To get from my home to Winchester to interview Hampshire County Council CIO Jos Creese Google Maps suggested I take the direct train to Reading, change and then a direct train to Winchester. However Network Rail insist that I take an indirect route requiring two changes and take twice the amount of time.
I have done this journey once before and a very helpful guard on the First Great Western service that forms part of the journey, rolled his eyes and utterly agreed with me. He kindly explained to me the arcane rules of the rail networks that box travellers into geographic regions and rail networks. He, as a customer facing worker, wanted to advise and sell me a ticket that would enable me to take that direct and single change route via Reading, but the ticketing systems made this impossible and therefore the lives of the traveller and customer facing worker harder. The result last week was that I chose to travel by car, losing the rail network business and creating increased congestion and pollution on an already over stretched UK roads infrastructure.
Discussing business, society and technology challenges and opportunities with both Creese and Dheeraj Pandey, CEO of Nutanix, whom I met through a mutual contact, it was clear there is a tranche of the leadership world that see their role and organisations to be one of simplification. Wherever possible CIOs like Creese and CEOs want to simplify processes, lives and technology for the benefit of the customer or community. As a result these organisations remain sustainable or are challenging market incumbents.
For those of us in business technology leadership the constant focus must be on simplifying the technology processes to enable our users and customers to do their roles. But it is not just about keeping users happy, Creese explained that the skills for running datacentres and major enterprise applications like SAP are becoming harder and harder to find or fund. Simplifying processes enables the skilled staff to do more.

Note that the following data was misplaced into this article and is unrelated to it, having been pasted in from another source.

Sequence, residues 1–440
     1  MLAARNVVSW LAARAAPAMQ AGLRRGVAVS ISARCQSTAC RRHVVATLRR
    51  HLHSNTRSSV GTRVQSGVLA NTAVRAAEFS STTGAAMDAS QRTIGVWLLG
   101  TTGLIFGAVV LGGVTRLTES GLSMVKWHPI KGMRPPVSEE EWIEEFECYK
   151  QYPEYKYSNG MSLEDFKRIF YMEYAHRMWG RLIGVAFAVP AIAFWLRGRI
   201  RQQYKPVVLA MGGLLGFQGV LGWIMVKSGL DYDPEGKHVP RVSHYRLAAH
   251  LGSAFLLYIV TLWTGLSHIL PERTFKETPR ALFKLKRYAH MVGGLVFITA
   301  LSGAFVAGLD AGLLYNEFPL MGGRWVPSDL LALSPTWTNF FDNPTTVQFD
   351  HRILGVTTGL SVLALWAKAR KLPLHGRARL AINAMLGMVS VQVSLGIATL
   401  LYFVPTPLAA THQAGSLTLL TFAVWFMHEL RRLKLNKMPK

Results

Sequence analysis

Pandey describes a need for the iPhone interface experience to permeate into the datacentre so that provisioning is easy and rapid for organisations. The Nutanix technology removes the need for storage to be a separate appliance in the datacentre and uses virtualisation methods to join processing power for applications to storage in the datacentre using Ethernet connectivity.
“VMware saves you on the compute costs, but not the network,” he says. The application is already proving popular with the US public sector for the power and cost savings it can deliver.
Hampshire was hit hard by the recent floods in the UK, which even the Prime Minister admitted were the result of climate change. The county council has an established mobile working practice and it was tested during the floods. With increasing demand for flexible working, rising numbers of extreme weather events, customers demanding mobile access to information services and now machine-to-machine computing, many CIOs are telling this title infrastructure has to be invested in. Infrastructure-as-a-service and new forms of virtualisation are bringing a cloud computing approach to infrastructure.
Returning to the iPhone analogy, Pandey says, the iPhone has inbuilt storage and whatever Apps a user choses to add to the device the App and the storage seamlessly find each other and cooperate for the user. That same simplicity is required in organisational datacentres.
Apps have simplified the use of data and the internet on mobile devices, organisations, like the train operating companies; need to engage with technology and transformative CIOs to simplify their businesses and offerings and in doing so they will win more customers. We see in the technology world that there is always a start-up looking at existing technologies and processes and working out how to simplify them and in doing so, VMware or Google-like, consuming large chunks of a market sector.